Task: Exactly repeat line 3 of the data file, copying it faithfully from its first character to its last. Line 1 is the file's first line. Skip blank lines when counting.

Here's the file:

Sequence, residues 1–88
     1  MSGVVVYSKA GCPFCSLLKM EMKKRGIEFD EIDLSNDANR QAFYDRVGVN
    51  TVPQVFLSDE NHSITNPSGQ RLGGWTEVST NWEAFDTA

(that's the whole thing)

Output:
    51  TVPQVFLSDE NHSITNPSGQ RLGGWTEVST NWEAFDTA